Will the Hilltoppers get a new look when their deal with Russell expires in 2015?


This fall, WKU enters the final year of its $1.73 million contract with home town apparel company Russell Athletics. Russell has been the official apparel sponsor of Hilltoppers athletics since their contract was renewed in 2011. The deal allowed Russell to carry the term “official athletic apparel provider of Hilltopper athletics,” in addition to game promotions, signage, and bookstore rights.

With a year and half still left on the deal clock, some of you might wonder why Wave the Red Towel is bothering to talk about it. Even if the deal were up tomorrow, you might wonder why I’m writing about it. My answer to that question is simple: your boy loves a good apparel contract. As evidenced by the almost $2 million deal Western currently has, universities pay a lot of money to link themselves to certain brands.

In early January, the University of Miami,  “The U,” as Michael Irvin still mumbles in his sleep, announced that, effective September of 2015, they would officially become an Adidas school. This announcement, in conjunction with my apparel appreciation, sealed the deal on this article.

The Hilltoppers are one of a handful of D1 schools contracted with Russell Athletics for their apparel. Russell, a subsidiary of Fruit of the Loom, is not a world renowned sport apparel provider. If a Nike school like Miami can ditch their longtime, big name brand, who can WKU turn to when our contract officially expires?

First, we should look at the two major Kentucky schools. The University of Kentucky is a Nike school. Kentucky’s deal with Nike runs through 2017 at a price of $1.6 million in merchandise and $1.8 million in cash. The UK deal marks Nike’s largest collegiate partnership. UK unveiled 18 different football uniform combinations, and the contact doesn’t stop with football. Nike outfits the school’s basketball team with warm up gear, shooting sleeves, headbands, tank tops, toe socks, thumb rings–the list goes on and on. For its efforts, Nike receives exclusive in game and on court advertising, season ticket allotments, and access to season ticket holding areas. Nike is allowed two permanent end zone advertising signs in Commonwealth Stadium during football season, and they have full cover advertisement pages in all UK  game promotional material. The company will also receive tickets to post season game appearances and game victories.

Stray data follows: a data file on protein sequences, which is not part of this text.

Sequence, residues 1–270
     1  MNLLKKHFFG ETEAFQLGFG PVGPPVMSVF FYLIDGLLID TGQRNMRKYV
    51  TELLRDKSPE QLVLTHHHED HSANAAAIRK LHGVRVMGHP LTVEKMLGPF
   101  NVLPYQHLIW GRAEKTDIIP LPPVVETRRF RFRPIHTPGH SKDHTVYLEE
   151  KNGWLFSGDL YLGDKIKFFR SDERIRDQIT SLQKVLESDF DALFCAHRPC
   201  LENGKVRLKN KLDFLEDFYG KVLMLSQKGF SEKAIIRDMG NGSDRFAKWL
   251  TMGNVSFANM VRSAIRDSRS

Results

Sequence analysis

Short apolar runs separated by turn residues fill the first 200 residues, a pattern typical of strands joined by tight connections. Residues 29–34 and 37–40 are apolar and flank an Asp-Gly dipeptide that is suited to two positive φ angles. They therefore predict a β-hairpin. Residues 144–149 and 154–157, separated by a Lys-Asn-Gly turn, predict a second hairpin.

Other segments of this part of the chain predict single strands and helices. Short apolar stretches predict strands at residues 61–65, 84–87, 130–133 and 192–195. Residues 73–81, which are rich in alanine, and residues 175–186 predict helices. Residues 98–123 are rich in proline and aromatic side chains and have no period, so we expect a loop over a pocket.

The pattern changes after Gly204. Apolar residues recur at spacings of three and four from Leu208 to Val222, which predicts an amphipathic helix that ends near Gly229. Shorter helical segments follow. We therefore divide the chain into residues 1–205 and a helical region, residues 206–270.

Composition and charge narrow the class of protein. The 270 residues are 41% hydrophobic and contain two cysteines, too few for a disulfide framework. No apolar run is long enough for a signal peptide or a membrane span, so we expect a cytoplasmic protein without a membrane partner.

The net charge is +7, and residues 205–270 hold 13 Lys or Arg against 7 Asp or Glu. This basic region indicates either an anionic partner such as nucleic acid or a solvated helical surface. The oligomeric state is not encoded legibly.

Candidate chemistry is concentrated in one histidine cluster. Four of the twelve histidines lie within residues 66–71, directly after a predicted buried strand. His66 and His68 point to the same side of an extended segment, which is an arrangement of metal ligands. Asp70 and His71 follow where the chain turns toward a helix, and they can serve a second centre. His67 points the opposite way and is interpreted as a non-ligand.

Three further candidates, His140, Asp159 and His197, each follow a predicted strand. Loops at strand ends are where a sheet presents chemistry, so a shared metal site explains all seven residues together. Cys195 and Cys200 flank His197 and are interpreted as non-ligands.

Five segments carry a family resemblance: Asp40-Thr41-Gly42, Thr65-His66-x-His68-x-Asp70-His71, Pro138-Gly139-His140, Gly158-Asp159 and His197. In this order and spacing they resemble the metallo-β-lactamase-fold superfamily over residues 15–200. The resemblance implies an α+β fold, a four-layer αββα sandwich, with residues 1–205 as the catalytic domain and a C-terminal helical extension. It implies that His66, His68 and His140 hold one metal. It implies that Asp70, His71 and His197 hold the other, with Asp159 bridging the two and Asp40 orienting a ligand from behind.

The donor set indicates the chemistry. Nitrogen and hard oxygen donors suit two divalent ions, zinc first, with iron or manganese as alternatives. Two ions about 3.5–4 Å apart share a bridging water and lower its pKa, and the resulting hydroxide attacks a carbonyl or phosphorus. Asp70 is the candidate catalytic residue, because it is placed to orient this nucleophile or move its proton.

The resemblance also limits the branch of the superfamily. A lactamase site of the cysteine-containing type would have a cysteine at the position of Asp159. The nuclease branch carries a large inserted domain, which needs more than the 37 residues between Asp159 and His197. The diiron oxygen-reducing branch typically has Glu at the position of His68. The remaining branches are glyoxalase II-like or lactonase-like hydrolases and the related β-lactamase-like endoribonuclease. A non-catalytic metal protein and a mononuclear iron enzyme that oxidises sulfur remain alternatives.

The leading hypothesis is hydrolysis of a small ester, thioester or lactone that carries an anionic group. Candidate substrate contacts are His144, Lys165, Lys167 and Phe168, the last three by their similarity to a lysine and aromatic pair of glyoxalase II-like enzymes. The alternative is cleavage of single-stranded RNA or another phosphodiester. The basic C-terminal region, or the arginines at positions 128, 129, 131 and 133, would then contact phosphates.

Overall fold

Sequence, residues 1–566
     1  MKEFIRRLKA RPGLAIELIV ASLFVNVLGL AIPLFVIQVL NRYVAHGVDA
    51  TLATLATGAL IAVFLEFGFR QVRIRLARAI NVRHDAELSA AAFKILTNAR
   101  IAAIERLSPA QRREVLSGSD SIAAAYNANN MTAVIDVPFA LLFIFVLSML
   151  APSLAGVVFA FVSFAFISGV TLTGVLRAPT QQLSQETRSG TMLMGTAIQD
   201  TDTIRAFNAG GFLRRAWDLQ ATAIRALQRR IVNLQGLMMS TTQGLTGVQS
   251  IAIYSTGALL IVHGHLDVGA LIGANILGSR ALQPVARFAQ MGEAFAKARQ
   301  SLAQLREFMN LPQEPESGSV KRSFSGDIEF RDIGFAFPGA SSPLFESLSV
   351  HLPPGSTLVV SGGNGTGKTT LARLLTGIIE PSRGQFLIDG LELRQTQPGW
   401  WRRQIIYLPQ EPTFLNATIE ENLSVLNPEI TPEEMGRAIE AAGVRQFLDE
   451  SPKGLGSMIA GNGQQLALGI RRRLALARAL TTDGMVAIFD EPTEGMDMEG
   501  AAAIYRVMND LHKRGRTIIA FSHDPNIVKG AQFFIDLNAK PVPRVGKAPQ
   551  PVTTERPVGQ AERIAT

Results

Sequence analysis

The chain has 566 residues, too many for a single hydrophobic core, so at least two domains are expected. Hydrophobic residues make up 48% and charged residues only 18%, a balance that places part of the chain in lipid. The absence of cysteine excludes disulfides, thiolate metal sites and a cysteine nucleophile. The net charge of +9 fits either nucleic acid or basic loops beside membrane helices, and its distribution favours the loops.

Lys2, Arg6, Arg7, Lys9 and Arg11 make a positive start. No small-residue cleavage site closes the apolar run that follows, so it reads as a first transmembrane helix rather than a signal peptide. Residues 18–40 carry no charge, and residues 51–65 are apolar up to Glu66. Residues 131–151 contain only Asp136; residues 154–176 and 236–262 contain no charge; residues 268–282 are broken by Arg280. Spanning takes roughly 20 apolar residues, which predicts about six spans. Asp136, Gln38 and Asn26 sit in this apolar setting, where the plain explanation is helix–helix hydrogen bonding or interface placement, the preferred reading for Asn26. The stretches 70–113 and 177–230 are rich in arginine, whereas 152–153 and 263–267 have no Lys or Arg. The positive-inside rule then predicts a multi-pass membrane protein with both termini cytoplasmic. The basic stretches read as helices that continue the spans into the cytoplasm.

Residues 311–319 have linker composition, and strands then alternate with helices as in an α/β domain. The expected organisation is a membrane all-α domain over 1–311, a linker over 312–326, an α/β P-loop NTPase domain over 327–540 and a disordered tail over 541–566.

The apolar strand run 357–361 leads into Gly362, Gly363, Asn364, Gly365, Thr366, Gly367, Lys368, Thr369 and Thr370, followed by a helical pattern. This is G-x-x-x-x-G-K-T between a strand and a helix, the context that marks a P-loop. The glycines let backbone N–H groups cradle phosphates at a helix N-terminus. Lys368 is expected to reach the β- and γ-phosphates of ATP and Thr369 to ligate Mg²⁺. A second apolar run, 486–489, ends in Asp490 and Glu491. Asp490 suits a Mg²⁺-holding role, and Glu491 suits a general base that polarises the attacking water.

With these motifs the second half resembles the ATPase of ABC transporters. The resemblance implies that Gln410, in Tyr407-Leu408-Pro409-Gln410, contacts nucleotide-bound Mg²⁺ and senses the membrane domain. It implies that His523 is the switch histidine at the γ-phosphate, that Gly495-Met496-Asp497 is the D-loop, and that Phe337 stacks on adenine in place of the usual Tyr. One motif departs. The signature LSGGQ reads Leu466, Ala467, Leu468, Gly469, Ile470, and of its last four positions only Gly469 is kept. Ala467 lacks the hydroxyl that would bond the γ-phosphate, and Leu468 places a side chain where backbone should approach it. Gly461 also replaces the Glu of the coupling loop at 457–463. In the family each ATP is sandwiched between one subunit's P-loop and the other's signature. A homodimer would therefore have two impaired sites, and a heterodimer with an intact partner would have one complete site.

At the University of Lousiville, the Cardinals have been an Adidas institution since 2005. The ten-year contract is structured differently than the Wildcats’ deal. UofL gets an annual merchandise allotment of $2.2 million and is given $350,000 in cash annually. Like the Nike, deal Adidas provides apparel for all weather and all situations, however, in addition to those provisions, Adidas is required to provide the university with sports equipment it makes, such as clipboards, sun glasses, and watches. While Louisville takes home the mother load, Adidas receives season tickets to Cardinals’ football games and receives an allotment of post season tickets to each of the Cards post season games.

In light of the deals UK and Louisville struck, let’s take a look at what WKU could realistically see from a new apparel company; In 2014 , MTSU announced a new deal with Nike. While the terms of this agreement have not been disclosed, the Blue Raiders did state that all of their athletics will be supported by the apparel company. They also stated that their gear would be at a 40% discount to what they currently pay, and they will now have access to Nike world wide instead of using a wholesale dealer.

Louisiana Tech has a contract with Adidas that is worth over $35,000 in cash per year. The terms to that agreement were not disclosed either but show that the university receives all of its apparel and side line equipment from a lesser know football apparel company.

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Finally, in 2008, Under Armour signed a deal with the University of South Florida to supply the school’s apparel. They

renewed the deal

in the past year and disclosed terms; The school will receive $625,000 a year in cash through 2018. Along with that, they will be given a $1.045 million dollar product allowance. The school will also receive incentives based on what the other two major schools in Kentucky receive.

Considering the terms that other mid-major school have negotiated for, its seems that WKU could be inline for an upgrade in terms of an apparel provider. While I’m sure that it would break the hearts of many Bowling Green natives to see the Tops leave Russell and don a new company, the jerseys and uniforms the company provides do seem rather antiquated. It’s a consensus among the young and opened-minded that a switch to Under Armour would be the better deal for WKU and the company itself, given that Under Armour would be able to compete with Nike (UK) and Adidas (UofL).

That being said, I am sure Todd Stewart and his staff are beginning to look at the expansion of the WKU brand and what company can provide WKU with the best chance at national recognition. Whether it ends in the extension of the current deal or the parting of ways, until then WKU will stay Russell.

If the Hilltoppers do opt to go with another provider, which one would you like to see? Nike? Adidas? Under Armour? Other? Let us know with either a comment below or by reaching out on twitter @WaveTheRedTowel.com.